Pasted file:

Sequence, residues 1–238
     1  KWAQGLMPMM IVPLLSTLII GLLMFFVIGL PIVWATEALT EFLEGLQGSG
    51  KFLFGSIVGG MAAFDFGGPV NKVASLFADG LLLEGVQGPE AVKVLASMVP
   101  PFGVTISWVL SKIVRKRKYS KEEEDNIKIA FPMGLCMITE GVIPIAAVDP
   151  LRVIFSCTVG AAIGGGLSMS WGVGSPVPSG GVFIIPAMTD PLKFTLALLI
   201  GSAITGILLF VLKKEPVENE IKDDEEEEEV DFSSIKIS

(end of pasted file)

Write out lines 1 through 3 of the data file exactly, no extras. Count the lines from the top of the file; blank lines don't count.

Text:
Sequence, residues 1–238
     1  KWAQGLMPMM IVPLLSTLII GLLMFFVIGL PIVWATEALT EFLEGLQGSG
    51  KFLFGSIVGG MAAFDFGGPV NKVASLFADG LLLEGVQGPE AVKVLASMVP